- With two outstanding Double Plus (A++) sides, this MONO original pressing from 1957 (the only way to fly) will be hard to beat
- Ella’s voice is noticeably breathier, fuller, more relaxed and more musical here than it is on most of the other copies we played
- An album that is beyond difficult to find with decent surfaces and undamaged inner grooves – most copies we get in are just trashed
- “Most of the songs are veteran standards, Stan Getz’s warm tenor helps out on four tunes, and her voice was so strong and appealing during this era that all of her recordings from the mid- to late ’50s are enjoyable and easily recommended.”
*A mark makes 9 medium then 7 medium-light pops at the end of track 1, There’s A Lull In My Life
**A mark makes 20 very light pops near the end of track 5, What’s New
Take it from an Ella fan, you can’t go wrong with this one, assuming you can put up with some ticky vinyl. This is about as quiet as we can find them. Like Someone in Love is five times rarer than Clap Hands, and twice as likely to be noisy.
The sound is rich and full-bodied in the best tradition of a classic vintage jazz vocal album. You could easily demonstrate your stereo with a record this good, but what you would really be demonstrating is music that the listener probably hasn’t heard, and that’s the best reason to demonstrate a stereo!
The space is huge and the sound so rich. The vocals have dramatically less hardness and the orchestra — especially on side two — is not brash for once.
Prodigious amounts of Tubey Magic as well, which is key to the best sounding copies. The sound needs weight, warmth and tubes or you might as well be playing a CD.
What wonderful sides such as these have to offer is not hard to hear:
- The biggest, most immediate staging in the largest acoustic space
- The most Tubey Magic, without which you have almost nothing. CDs give you clean and clear. Only the best vintage vinyl pressings offer the kind of Tubey Magic that was on the tapes in 1957
- Tight, note-like, rich, full-bodied bass, with the correct amount of weight down low
- Natural tonality in the midrange — with all the instruments having the correct timbre
- Transparency and resolution, critical to hearing into the three-dimensional studio space
- No doubt there’s more but we hope that should do for now. Playing the record is, of course, the only way to hear all of the above
What to Listen For (WTLF)
Copies with rich lower mids and nice extension up top (to keep Frank Devol’s string arrangements from becoming shrill) did the best in our shootout, assuming they weren’t veiled or smeary of course. So many things can go wrong on a record! We know, we heard them all.
We’re glad to report this copy was doing more of what we wanted it to do than most others we played.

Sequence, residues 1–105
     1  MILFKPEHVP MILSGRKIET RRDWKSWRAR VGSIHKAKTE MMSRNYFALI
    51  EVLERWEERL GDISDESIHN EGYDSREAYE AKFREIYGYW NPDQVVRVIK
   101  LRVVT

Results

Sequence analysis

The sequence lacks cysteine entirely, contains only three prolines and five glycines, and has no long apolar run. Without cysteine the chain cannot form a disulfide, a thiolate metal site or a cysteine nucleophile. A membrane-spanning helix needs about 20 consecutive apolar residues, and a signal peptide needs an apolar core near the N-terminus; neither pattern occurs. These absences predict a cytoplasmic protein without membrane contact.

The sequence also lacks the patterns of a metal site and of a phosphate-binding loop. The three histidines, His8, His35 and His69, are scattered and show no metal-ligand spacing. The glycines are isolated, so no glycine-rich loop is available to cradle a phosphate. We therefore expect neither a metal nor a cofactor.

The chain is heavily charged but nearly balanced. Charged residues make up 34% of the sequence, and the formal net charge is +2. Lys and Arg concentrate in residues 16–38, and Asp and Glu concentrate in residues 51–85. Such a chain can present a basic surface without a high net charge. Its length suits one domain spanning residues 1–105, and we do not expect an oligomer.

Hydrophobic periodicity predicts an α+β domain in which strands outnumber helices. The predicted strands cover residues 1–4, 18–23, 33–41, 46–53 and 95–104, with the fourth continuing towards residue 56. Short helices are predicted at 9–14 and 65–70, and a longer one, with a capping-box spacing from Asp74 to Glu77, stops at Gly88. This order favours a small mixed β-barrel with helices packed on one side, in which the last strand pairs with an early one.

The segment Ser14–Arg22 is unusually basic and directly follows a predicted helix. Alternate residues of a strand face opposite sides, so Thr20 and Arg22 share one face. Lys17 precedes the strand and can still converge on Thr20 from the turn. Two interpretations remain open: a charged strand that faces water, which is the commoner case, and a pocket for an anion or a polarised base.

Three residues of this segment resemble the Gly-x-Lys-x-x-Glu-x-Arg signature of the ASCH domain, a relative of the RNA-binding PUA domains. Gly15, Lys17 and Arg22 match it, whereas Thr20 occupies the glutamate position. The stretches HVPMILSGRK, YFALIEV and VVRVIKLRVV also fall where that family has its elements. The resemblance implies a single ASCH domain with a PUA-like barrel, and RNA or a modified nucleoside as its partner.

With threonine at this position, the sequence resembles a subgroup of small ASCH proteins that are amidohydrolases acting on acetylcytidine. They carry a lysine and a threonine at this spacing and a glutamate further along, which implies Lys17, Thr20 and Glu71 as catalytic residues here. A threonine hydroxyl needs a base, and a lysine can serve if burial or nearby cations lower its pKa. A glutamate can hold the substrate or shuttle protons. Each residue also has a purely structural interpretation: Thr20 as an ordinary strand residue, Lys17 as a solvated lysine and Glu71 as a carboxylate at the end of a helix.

And we know a fair bit about Ella’s recordings at this point. As of today we’ve done commentaries for more than a dozen different Ella Fitzgerald albums, and that’s not counting the sixteen (yes, 16!) titles we put in our Hall of Shame.
We’ve searched high and low for her records and played them by the score over the years. We plan to keep a good supply on to the site in the coming years so watch for new arrivals in the Vocal section (linked to the left).
Hardness and Brashness
Want to know what we are on about with all this talk of hardness and brashness? Easy, just play the average copy. Unless you have been exceptionally fortunate to have chanced upon a properly mastered and pressed and cared for copy, you will hear plenty of both.
It’s one of the main reasons we have such a hard time doing shootouts for Ella’s ’50s and ’60s albums. The other reason of course is the poor condition of most copies. Few pressings do not have marks that play or damaged grooves. The record players of the ’50s and ’60s, not to mention their owners, were ruinous on the albums of the day.
Which is simply another reason not to expect another top copy of this album to come to the site any time soon. Give us two or three years or so and we might be able to find another batch with which to do a shootout. In that time we will surely look at fifty copies, buy ten, and end up with five that are worth playing.
Obviously, we wouldn’t bother if the music and sound weren’t so good. When you are lucky enough to find a copy that sounds as good as this one, full of standards from the Great American Songbook, you cannot help but recognize that this era for Ella will never be equaled, by her or anyone else.
There’s A Lull In My Life
More Than You Know
What Will I Tell My Heart
I Never Had A Chance
Close Your Eyes
We’ll Be Together Again
Then I’ll Be Tired Of You
Like Someone In Love
I Thought About You
How Long Has This Been Going On
Ella Fitzgerald was accompanied by an orchestra arranged by Frank DeVol for this fine studio session. Most of the songs are veteran standards, Stan Getz’s warm tenor helps out on four tunes, and — although this is not an essential release — her voice was so strong and appealing during this era that all of her recordings from the mid- to late ’50s are enjoyable and easily recommended.
The First Lady of Song
Ella Fitzgerald was arguably the finest female jazz singer of all time. Blessed with a beautiful voice and a wide range, Fitzgerald could outswing anyone, was a brilliant scat singer, and had near-perfect elocution; one could always understand the words she sang. When one evaluates her career on a whole, there is simply no one else in her class.